Bath Iron Works intends to hire subcontractors to help finish a backlog of military work, a move the shipyard’s largest union has pledged to fight.

The shipyard is in the midst of a massive, years-long push to hire thousands of new permanent employees to replace retiring workers.

In the meantime, BIW needs to temporarily subcontract workers to complete existing tasks and increase the chance of getting new ship contracts, according to the company, a subsidiary of General Dynamics.

“Subcontracting will not negatively impact our employees, nor will it take the place of hiring,” the company said in a statement. The company has the flexibility to hire temporary workers in its collective bargaining agreement with international machinists’ union Local S6, it said.

“The goal is to increase employment, deliver the ships we have been contracted to build and ensure employment stability for the future at BIW.”

The shipyard has outstanding contracts to build 11 DDG-51 Arleigh Burke-class destroyers and finish the third and final Zumwalt-class advanced destroyer for the Navy. It also has planning and upgrade work on deck.


But losing out on a $10.5 billion contract to build Coast Guard cutters in 2016 and being awarded fewer destroyer contracts than its only rival in Mississippi last year have raised concerns about the shipyard’s competitiveness on future military work.

The company did not directly say how many subcontractors it planned to hire, if they would be paid less than workers represented by the machinists’ union and when the company would start the process.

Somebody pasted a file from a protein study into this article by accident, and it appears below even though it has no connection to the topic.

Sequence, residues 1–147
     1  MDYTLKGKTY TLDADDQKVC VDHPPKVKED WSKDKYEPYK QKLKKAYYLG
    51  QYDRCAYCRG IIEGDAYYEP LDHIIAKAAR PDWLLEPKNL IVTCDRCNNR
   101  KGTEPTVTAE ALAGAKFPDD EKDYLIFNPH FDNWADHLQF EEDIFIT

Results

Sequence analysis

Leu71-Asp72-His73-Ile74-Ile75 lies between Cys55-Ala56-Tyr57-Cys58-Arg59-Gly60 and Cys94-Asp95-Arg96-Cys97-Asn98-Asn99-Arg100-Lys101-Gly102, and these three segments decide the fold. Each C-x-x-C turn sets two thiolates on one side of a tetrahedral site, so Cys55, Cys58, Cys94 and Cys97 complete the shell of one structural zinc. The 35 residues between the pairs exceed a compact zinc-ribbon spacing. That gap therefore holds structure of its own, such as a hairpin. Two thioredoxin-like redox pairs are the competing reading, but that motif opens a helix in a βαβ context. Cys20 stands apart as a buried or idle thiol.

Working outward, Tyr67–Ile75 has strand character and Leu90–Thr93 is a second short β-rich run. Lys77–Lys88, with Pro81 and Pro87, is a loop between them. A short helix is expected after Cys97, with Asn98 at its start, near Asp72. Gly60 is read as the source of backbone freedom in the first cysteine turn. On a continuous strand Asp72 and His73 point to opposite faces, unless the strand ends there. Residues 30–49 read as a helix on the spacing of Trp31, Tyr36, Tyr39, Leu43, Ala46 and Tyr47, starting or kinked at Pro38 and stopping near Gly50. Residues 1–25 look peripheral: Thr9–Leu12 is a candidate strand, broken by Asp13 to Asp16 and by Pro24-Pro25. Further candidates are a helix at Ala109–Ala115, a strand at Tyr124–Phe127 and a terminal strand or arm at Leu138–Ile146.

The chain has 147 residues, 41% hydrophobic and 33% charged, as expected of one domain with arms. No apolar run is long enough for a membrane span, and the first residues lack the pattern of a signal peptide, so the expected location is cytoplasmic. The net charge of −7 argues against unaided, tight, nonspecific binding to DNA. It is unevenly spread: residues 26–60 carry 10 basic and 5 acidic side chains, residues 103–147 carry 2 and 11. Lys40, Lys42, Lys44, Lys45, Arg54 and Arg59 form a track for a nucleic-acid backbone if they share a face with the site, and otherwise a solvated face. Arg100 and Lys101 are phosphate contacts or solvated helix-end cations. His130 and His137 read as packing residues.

But the machinists’ union says using contract workers is a violation of its contract. The International Association of Machinists and Aerospace Workers represents 3,600 workers at BIW.

In a statement, John Carr, regional union representative of machinists’ union said it “strongly opposes the outsourcing of our members’ work, whether it be by bringing in workers from other states or shipyards.”

Union leaders met with management last week and proposed several ways to fix issues and reduce the work backlog while preserving bargaining unit jurisdiction, he added.

In a letter to members last week, S6 leaders said decreased overtime, manipulating hiring requirements and pushing out products that need to be reworked later were several reasons why shipbuilding at the yard is struggling.


“Most of these problems are related to poor decisions which create rework and schedule slips” and lead to poor morale, leaders said.

Work that will be outsourced includes blasting and painting, snow shoveling and electrical work. Blasting and painting work is housed in a workshop off the shipyard in Brunswick. The company did not respond when asked whether subcontractors would replace union workers at that facility.

“The company is fixated on outsourcing work that belongs to our bargaining unit,” local leaders said in their letter.

“Our plan of action moving forward is to fight this decision with all the resources the union has at its disposal,” it added.

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